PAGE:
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# factorial base

A positional base in which each place value instead of being a power of the base is a factorial. For example, the integer which is represented in base 10 as 47 (because $4\cdot 10^{1}+7\cdot 10^{0}$) is represented in factorial base as 1321, or $1\cdot 4!+3\cdot 3!+2\cdot 2!+1\cdot 1!$.

Factorial base representation has applications in combinatorics and cryptography.

The factorial base representations are unambiguous as long as the maximum allowed digit for a given place value is not exceeded (e.g., the least significant digit $d_{1}$ can only be 0 or 1, while the most significant digit in an 7-digit factorial base number $d_{7}$ has to be in the range 0 to 7).

With this limitation placed in the definition, and the observation that

$n!-1=\sum_{{i=1}}^{{n-1}}i!i$ |

it is obvious that factorial base is unambiguous, though it has the potential to use an infinite amount of distinct digits even as the less significant place values are limited in what values they can contain.

Though this is true of fractions, though in the opposite direction (the most significant fractional place values are more limited in the range of digits they can contain), factorial base has the advantage that the representation of a rational number always terminates. This is not always the case in a fixed base where the representation of a rational number could be repeating when the denominator is coprime to the base (see: factorial base representation of fractions).

The Lucas-Lehmer code maps unique factorial base representations of an integer $n$ to the permutation of $n$ elements in lexicographical order.

A007623 of Sloane’s OEIS lists the first few integers written in factorial base, A046807 lists palindromic numbers in factorial base, A118363 lists factorial base Harshad numbers, etc.

## Mathematics Subject Classification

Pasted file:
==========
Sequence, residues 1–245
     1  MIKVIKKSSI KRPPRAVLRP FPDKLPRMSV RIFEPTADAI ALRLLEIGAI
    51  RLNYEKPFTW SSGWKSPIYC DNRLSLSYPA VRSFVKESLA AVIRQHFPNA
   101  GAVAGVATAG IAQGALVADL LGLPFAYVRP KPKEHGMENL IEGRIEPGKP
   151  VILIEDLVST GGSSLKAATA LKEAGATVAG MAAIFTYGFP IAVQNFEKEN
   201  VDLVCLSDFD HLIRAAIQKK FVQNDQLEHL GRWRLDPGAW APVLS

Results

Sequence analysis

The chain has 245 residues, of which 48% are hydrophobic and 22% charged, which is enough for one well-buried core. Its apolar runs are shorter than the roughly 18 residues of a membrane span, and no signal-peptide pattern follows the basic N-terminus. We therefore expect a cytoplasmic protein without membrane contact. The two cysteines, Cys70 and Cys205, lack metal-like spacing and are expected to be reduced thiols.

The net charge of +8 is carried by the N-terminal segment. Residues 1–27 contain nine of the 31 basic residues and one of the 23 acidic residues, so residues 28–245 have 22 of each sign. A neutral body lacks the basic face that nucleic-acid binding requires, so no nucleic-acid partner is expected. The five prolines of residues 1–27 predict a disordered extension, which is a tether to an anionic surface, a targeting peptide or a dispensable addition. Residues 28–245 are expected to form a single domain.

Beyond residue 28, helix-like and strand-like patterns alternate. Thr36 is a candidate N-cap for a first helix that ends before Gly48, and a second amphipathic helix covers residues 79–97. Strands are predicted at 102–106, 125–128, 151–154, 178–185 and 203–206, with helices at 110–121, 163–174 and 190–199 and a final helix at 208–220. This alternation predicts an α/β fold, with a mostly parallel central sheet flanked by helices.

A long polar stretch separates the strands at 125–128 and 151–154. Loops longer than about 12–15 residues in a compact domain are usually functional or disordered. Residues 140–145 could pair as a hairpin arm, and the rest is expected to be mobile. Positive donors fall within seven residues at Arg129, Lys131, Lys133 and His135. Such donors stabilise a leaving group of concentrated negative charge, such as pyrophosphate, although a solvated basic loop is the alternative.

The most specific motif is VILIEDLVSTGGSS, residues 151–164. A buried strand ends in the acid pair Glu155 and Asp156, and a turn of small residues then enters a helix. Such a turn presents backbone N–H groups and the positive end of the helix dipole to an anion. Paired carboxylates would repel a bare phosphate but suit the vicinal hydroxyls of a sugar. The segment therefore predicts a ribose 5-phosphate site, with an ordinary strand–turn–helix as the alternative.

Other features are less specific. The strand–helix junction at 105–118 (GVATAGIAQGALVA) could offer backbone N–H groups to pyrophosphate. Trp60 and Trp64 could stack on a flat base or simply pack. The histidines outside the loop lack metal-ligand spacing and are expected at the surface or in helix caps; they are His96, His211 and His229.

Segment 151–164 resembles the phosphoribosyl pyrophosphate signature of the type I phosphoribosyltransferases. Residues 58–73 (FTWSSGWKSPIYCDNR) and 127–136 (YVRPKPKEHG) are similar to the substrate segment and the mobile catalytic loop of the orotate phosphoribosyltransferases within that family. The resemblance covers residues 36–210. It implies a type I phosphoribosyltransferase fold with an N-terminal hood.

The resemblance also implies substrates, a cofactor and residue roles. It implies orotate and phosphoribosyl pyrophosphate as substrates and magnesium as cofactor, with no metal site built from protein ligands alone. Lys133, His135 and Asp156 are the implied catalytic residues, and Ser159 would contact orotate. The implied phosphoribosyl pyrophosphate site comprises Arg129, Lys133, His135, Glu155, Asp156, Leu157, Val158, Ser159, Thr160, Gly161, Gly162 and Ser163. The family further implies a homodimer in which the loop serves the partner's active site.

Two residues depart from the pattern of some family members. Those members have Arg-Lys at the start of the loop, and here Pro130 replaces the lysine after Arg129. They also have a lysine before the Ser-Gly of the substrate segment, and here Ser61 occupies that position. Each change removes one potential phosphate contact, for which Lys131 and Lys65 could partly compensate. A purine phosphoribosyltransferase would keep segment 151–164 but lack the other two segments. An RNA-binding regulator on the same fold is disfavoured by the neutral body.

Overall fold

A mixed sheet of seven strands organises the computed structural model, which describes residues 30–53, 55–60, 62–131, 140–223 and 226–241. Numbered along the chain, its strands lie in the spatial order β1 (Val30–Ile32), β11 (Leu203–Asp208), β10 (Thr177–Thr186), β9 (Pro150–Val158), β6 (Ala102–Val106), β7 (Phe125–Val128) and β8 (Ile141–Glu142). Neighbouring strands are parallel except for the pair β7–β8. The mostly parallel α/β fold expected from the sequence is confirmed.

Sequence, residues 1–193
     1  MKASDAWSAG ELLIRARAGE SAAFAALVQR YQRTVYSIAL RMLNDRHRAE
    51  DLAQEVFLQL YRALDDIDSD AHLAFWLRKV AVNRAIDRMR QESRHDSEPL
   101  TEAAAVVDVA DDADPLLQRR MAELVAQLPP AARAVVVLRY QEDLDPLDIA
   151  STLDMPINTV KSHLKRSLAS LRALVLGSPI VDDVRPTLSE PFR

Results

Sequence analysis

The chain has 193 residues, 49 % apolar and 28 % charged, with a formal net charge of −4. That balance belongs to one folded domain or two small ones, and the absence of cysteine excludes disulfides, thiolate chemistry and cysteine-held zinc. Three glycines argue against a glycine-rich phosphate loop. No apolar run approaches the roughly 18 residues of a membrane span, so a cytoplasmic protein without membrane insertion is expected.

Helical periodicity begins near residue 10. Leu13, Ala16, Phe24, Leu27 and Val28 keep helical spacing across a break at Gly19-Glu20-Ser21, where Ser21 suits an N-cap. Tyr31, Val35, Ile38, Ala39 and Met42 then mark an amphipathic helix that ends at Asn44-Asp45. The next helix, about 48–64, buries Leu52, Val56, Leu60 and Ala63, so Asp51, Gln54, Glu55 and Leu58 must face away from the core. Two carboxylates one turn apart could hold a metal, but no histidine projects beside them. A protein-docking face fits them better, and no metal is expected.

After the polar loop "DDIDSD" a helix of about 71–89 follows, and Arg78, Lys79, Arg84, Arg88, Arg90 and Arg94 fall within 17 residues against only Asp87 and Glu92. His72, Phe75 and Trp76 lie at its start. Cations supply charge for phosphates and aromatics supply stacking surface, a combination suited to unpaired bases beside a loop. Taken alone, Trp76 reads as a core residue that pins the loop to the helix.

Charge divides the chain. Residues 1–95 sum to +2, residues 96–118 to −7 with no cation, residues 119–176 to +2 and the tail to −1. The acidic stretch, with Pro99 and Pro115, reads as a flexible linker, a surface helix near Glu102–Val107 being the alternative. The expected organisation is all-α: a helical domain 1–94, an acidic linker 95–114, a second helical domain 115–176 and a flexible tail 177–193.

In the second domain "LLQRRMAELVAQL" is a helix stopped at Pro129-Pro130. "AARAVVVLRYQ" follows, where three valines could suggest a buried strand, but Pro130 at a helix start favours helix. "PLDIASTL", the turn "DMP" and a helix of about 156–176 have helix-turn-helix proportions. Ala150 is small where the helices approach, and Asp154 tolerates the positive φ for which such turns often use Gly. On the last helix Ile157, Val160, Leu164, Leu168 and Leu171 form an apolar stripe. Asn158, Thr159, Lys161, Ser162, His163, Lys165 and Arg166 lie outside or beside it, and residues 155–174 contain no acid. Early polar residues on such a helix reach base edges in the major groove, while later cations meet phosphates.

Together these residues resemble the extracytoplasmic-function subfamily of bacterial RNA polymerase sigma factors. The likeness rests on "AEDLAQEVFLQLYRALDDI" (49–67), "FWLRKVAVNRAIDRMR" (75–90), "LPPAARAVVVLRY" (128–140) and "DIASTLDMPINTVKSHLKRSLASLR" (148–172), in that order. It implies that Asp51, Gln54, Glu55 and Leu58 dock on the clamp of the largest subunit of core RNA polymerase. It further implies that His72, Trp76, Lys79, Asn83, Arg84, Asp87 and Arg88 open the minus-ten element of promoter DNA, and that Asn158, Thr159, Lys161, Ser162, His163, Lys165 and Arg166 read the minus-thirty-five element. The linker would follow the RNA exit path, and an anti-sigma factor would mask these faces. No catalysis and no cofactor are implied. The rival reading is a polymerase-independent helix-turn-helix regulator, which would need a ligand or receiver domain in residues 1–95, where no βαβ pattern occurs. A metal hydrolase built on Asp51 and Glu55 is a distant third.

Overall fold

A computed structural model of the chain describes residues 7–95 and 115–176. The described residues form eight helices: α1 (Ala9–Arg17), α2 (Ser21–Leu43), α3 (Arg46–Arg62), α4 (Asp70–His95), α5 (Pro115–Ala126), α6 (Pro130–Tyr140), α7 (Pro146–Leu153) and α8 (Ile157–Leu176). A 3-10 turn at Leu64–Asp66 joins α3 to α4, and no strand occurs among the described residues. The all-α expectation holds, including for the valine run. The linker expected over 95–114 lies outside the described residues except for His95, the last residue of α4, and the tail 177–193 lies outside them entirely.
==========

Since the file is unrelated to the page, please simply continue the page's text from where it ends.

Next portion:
11A63*no label found*

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## Comments

## clarification of unambiguous claim for factorial base?

Can you offer either a theorem and proof, or examples

that make this claim clear?

"The factorial base representations are unambiguous as long as the maximum allowed digit for a given place value is not exceeded (e.g., the least significant digit can only be 0 or 1, while the most significant digit in an 7-digit factorial base number has to be in the range 0 to 7). Thus factorial base has the potential to use an infinite amount of distinct digits even as the less significant place values are limited in what values they can contain."

## Re: clarification of unambiguous claim for factorial base?

For 7 you can write 101 ( = 1*3!+0*2!+1*1!) or 31 ( = 3*2!+1*1!), but with the second representation you've exceeded the maximum allowed digit in the two-factorial place-value. Doesn't get any clearer than that.

P.S. What's the longest proof that 1 + 1 = 2?

## Re: clarification of unambiguous claim for factorial base?

I think you would be wiser to listen to "jac"'s suggestion and rewrite that paragraph. It is not clear to me either and many other users will find it difficult to read. On the other hand, the fact that any number can be represented uniquely in a factorial base is no trivial fact, and a proof of this fact would be a nice addition to the entry.

T

## Re: clarification of unambiguous claim for factorial base?

Sniff... Torquemada: could you please pay attention to who wrote what?

Lando: Could you not write in that way that makes people like Torquemada think I said something I didn't actually say?

Its all gonna have to wait until after Memorial Day anyway.

## Re: clarification of unambiguous claim for factorial base?

> Sniff... Torquemada: could you please pay attention to who

> wrote what?

My mistake, sorry. However, "jac" did rise a legitimate point. The paragraph could be clearer in exposition, and a proof of that fact would be extremely helpful to the reader.

T

## Re: clarification of unambiguous claim for factorial base?

Lisa, I'm sorry that my remarks caused others to lash out at you.

I still think that the article is clear enough, but then again, I understand written English better than native speakers. My suggestion: clarify by obfuscating. Find some way to put x amount of Greek letters into the page. That should do the trick.

Will